By Jennifer LeClaire / CIO Today. Updated January 10, 2014.
Target has upped the estimates on its holiday data breach, raising the number of those affected to between 70 million and 110 million people. That’s about three times higher than the retailing giant’s initial projections of 40 million affected users.
“I know that it is frustrating for our guests to learn that this information was taken, and we are truly sorry they are having to endure this,” said Gregg Steinhafel, Target's chief executive. However, Target has still not disclosed how the breach occurred.
More Facts Needed
We caught up with Lamar Bailey, director of security research and development at TripWire, to get his take on the latest Target revelations. He told us everyone is talking about the increased numbers of customers affected by this breach but the number of accounts isn’t the real concern.
“The real concern is that that along with the account numbers and pins even more data was stolen including full names, phone numbers, physical and e-mail addresses. This disclosure indicated that the breach happened deeper in the network than originally thought and, as is often the case, we may not have the complete story yet,” Bailey said.
“Target is saying most of the data is ‘partial in nature,' but of the 70 million accounts that were breached how many had all their data exposed? All Target shoppers should be checking their credit reports and card statements for fraudulent accounts and charges. Everyone should assume everything but your DNA profile was stolen,” he added.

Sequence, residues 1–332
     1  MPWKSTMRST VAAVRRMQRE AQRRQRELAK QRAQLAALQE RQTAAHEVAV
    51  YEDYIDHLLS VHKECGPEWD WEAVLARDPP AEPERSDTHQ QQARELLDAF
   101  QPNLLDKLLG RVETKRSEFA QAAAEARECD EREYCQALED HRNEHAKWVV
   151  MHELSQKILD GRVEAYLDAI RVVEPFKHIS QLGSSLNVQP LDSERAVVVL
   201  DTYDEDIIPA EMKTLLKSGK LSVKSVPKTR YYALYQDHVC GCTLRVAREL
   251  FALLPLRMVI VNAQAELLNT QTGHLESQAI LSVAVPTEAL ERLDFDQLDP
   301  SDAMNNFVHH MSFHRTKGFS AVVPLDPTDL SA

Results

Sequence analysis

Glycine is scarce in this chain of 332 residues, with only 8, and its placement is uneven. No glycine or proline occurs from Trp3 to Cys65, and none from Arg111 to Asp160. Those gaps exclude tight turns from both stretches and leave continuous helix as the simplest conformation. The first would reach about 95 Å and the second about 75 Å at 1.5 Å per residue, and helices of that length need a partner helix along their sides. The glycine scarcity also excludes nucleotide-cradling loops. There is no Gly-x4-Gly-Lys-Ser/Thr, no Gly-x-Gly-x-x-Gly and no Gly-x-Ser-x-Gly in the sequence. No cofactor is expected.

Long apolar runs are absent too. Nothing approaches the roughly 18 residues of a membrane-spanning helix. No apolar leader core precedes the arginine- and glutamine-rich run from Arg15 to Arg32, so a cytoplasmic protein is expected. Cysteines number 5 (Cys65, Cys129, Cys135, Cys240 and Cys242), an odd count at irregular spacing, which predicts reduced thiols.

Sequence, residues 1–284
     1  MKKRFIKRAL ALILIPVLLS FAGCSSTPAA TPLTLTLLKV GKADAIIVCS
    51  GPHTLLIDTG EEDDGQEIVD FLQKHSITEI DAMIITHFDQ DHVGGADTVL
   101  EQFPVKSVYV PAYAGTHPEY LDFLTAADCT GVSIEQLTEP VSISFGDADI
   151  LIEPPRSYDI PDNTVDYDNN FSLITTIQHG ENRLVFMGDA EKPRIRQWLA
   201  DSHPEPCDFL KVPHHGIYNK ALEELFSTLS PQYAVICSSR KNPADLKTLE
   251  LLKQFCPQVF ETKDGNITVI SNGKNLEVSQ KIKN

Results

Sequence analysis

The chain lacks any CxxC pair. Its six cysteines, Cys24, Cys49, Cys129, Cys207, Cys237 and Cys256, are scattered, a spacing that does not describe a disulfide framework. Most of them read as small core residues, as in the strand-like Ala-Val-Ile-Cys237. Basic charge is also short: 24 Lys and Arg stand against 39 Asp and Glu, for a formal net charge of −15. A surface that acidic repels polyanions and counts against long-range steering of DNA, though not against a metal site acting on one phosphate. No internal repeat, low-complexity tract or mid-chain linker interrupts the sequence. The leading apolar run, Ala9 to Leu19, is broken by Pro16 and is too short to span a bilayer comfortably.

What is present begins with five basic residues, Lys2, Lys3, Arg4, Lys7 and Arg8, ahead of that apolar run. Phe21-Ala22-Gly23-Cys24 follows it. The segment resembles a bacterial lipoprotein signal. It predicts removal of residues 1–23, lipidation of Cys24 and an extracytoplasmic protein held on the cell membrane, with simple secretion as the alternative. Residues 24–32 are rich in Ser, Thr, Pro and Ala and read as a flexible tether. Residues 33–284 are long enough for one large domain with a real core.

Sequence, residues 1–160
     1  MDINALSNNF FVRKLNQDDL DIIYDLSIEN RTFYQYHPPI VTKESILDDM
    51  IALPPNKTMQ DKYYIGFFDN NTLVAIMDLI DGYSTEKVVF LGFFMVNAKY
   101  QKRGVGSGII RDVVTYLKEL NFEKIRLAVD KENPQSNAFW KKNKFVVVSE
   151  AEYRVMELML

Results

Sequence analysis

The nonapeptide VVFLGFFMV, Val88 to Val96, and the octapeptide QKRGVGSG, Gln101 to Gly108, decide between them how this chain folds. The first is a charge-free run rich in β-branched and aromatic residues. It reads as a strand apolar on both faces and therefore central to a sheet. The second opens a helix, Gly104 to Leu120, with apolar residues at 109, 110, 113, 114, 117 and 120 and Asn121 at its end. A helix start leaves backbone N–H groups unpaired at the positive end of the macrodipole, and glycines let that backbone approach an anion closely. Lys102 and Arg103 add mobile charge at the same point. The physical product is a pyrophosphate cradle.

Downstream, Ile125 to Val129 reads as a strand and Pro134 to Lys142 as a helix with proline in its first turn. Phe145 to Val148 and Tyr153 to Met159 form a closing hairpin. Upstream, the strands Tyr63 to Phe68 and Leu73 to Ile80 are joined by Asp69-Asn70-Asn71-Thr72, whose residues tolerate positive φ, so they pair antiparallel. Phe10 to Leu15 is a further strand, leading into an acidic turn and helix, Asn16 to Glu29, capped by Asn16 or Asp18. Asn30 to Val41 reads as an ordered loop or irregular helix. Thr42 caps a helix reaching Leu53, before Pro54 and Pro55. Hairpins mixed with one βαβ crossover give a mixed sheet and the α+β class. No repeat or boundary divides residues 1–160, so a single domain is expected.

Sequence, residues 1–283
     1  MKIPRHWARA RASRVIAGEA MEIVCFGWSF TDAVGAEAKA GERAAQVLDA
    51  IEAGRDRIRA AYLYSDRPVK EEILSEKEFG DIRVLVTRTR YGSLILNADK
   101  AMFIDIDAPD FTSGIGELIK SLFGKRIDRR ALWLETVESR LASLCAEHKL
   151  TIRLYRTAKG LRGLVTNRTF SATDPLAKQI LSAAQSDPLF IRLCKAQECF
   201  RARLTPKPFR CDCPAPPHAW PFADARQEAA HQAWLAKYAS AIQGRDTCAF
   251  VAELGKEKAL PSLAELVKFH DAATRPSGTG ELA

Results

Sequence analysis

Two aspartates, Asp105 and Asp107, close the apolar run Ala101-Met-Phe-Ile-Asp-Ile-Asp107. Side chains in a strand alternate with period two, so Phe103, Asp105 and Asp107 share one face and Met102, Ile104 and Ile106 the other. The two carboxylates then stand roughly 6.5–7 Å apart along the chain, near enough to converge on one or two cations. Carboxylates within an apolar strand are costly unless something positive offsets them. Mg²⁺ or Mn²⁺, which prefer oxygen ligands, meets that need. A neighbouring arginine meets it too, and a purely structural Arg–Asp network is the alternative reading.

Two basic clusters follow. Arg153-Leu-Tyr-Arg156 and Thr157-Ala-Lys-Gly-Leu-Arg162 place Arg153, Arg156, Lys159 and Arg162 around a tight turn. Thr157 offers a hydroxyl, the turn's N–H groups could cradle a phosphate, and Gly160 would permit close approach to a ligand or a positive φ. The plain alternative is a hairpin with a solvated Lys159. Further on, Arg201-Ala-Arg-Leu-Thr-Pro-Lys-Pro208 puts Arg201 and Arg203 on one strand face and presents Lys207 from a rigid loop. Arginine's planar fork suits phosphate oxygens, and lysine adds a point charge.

Entire Network Compromised?
Ken Westin, a security researcher at TripWire, told us this incident reflects the horrifying truth of today’s data breaches, the organizations affected rarely know they have been breached. Even when they do, he said, it takes a long time before they know the duration of the breach or the scope of the breach.
“The fact that such a massive amount of additional data was comprised provides security researchers a better picture of what has happened. Target’s whole [network] appears to have been compromised, not just the payment processing side,” Westin said.
“When a network is compromised it’s easy for an attacker to move laterally because internal security controls are generally much more lax. These attackers had weeks to move around within the Target network, it would be safe to assume their entire network was compromised as a result," he said.
Will It Get Worse?
From his perspective, Tyler Reguly, security research and development manager at TripWire, told us it definitely looks like we're talking about a multi-pronged attack considering 40 million credit and debit accounts and now 70 million individuals having had their data stolen.
“We know account data was due to a compromise at the point of sale level. If the personal data compromise happened in the same place, you really have to question Target's business practices and wonder why was this data stored at that level. It's more likely that this breach occurred elsewhere in their network, especially since it was referred to as a separate attack,” Reguly said.
“So the numbers are 70 million and 40 million with ‘some overlap’ but let's put those together, we're talking about potentially 110 million people having some portion of their data breached. If you apply the ‘some overlap,' then you're down to maybe 100 million, that's still a huge data breach. It will be interesting to know exactly what the final number is,” Reguly added.